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We've scoured the web to get you the most up-to-date advice which includes the most useful tools on offer from the officials themselves.

Effective tax planning is essential if you are to minimise your tax bills. Simple tax planning can significantly reduce your tax liabilities.

The self-assessment tax return is an unavoidable burden if you are liable for self-employed tax or have complicated income tax affairs.

Corporation tax is charged on a company's profits. If you trade as a limited company, ensure that paying this tax is as painless as possible.

National Insurance Contributions (NICs) are payable whether you are self-employed or employed by your own company, although different rates apply.

As well as your legal obligations, you’ll want to ensure that payroll is painless and that you use any opportunities to improve your tax-efficiency.

VAT

Effective VAT planning aims to ensure that VAT is relatively painless, and that you are reclaiming as much as possible of the VAT you pay.

Capital gains are made when you sell something for more money than you paid for it. As a result, you can be subject to tax. Take professional advice.

Business property taxes apply to businesses with commercial premises.There are two commercial property taxes: business rates and stamp duty land tax.

If you have tax problems or face a tax investigation, it pays to seek professional advice and you must act rather than just hoping for the best.

One in five small business owners has adverse credit history

6 November 2019

A self-employed couple but their first home after securing an adverse credit mortgageNew research shows that adverse credit is affecting many limited company and self-employed mortgage applications.

A new study of UK adverse credit by mortgage lender Pepper Money and YouGov has found that some 1.26 million people in the UK looking to buy a property in the next 12 months will be impacted by some form of adverse credit; and 15% of those taking part in the survey have had an adverse credit issue in the past three years.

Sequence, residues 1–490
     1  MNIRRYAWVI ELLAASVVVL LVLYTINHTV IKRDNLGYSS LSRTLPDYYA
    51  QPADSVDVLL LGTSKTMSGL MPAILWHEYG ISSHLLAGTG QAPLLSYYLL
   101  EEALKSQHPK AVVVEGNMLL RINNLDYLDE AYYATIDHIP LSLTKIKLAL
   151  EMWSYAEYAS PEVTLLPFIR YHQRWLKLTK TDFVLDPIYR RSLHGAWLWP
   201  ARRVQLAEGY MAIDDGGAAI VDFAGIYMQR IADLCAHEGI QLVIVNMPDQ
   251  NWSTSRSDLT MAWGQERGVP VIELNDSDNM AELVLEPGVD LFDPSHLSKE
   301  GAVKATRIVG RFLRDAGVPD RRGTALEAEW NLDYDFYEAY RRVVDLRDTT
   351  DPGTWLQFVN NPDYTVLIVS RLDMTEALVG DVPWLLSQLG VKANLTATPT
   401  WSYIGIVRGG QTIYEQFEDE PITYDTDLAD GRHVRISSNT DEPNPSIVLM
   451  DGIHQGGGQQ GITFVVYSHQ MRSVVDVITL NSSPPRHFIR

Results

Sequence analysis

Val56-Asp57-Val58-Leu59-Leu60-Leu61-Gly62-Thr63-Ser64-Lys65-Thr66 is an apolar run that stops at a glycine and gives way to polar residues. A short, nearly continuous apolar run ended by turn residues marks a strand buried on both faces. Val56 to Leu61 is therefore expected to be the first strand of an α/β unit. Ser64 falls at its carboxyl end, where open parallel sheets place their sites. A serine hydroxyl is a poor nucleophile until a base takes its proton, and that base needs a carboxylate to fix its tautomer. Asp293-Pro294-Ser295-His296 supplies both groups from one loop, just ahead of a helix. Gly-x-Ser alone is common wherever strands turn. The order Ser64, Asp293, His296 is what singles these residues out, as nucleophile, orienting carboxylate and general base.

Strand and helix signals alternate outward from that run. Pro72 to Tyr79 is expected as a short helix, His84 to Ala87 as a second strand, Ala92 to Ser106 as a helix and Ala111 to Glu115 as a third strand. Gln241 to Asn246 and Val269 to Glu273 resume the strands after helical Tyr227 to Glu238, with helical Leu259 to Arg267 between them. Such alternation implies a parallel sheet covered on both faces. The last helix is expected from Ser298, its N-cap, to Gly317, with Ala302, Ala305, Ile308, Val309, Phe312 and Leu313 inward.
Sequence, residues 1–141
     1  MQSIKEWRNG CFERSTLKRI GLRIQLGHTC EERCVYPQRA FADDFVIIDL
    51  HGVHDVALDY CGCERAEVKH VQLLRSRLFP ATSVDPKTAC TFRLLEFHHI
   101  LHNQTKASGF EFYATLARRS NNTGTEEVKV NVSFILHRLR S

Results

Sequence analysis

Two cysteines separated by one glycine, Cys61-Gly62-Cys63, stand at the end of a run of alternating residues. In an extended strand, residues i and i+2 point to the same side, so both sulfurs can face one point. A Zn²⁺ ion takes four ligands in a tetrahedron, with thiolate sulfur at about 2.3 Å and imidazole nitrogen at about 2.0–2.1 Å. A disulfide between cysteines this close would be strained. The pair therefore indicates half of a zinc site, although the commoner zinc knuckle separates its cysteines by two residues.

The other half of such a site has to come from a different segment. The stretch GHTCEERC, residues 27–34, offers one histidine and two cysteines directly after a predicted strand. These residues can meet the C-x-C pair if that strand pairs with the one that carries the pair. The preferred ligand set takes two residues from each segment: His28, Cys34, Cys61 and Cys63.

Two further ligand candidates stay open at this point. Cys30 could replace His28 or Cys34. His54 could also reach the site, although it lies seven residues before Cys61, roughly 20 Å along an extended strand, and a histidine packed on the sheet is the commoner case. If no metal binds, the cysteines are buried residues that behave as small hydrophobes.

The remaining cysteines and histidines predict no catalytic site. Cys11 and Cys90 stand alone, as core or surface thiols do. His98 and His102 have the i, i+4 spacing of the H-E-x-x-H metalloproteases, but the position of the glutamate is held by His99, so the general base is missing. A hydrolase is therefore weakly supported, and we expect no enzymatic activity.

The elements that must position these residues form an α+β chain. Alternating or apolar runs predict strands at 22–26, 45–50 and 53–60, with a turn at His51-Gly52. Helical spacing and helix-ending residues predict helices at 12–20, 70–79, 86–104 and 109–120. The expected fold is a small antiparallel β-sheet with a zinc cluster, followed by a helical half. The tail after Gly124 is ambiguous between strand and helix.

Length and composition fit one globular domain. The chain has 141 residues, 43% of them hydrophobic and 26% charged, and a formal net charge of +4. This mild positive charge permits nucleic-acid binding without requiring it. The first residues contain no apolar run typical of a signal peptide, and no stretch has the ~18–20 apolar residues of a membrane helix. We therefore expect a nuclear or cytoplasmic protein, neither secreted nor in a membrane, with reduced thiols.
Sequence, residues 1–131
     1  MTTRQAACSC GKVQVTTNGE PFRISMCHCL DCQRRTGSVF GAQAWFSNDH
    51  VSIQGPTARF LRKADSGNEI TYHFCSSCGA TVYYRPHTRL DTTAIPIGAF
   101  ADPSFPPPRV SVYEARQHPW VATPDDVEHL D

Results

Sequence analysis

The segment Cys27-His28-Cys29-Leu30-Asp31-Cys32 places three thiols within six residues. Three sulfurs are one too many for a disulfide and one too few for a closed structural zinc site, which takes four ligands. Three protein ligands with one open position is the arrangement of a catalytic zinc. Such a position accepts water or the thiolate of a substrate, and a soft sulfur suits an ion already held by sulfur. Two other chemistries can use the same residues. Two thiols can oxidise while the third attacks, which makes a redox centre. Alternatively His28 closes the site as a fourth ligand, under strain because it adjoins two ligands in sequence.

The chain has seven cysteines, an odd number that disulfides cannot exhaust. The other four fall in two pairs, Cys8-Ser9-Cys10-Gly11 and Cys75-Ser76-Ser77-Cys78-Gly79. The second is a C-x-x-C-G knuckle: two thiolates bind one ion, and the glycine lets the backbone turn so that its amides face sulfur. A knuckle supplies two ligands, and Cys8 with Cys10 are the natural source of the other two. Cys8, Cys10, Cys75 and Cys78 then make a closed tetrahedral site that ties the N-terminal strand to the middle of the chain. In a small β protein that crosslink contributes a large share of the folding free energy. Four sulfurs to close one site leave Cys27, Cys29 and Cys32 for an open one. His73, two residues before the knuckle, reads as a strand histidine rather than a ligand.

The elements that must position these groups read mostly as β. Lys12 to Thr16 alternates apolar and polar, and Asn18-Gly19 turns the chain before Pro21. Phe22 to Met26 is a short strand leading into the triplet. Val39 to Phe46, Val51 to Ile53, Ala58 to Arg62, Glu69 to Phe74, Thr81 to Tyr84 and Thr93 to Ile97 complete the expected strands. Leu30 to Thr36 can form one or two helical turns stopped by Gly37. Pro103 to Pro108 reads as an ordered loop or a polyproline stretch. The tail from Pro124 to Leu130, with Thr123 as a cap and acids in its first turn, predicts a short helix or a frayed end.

According to Pepper Money, the numbers are even higher when it comes to the self-employed and small business owners, with almost one in five (18%) of applicants having had adverse credit in the past two years. This is despite the fact that Pepper Money’s own data shows that the average self-employed mortgage applicant earns £57,592, which is nearly double the UK average employed income.

Paul Adams, sales director at Pepper Money, said: “The growth of self-employment has been a prominent characteristic of the UK economy in recent years and, at Pepper Money, we grew our self-employed lending by 87% in 2018 alone.”

With unsecured debt at an all-time high of £218.23bn according to the Bank of England and nearly 100,000 county court judgements (CCJs) registered every month in England and Wales in the first half of 2019, the study predicts that credit problems are only going to get worse.

The survey has also found that 58% of those surveyed said they turned to family or friends for advice, with only 40% speaking to a mortgage broker. It seems that many potential borrowers don’t know where to turn and have no idea that they can still get a mortgage even if they have severe adverse credit on their credit file, such as CCJs or debt management plans.

This problem is often exacerbated because of negative reviews online when non-specialist brokers have been unable to help self-employed workers with adverse credit to get a mortgage, despite previously reassuring their customers that they can.

Adam Hinder, managing director of specialist bad credit mortgage broker Simply Adverse, said it is “astonishing” that just 40% of respondents looking for a mortgage said they would seek the advice of a broker. He added: “It’s a real problem because if brokers don’t know and they’re not in the specialist marketplace, it’s easy to keep their own pride and say ‘we can’t help you because of your credit profile’, when they should be saying ‘I don’t know how to help you either, let me find out or let me find someone who can’.”

Written by Rachel Miller.

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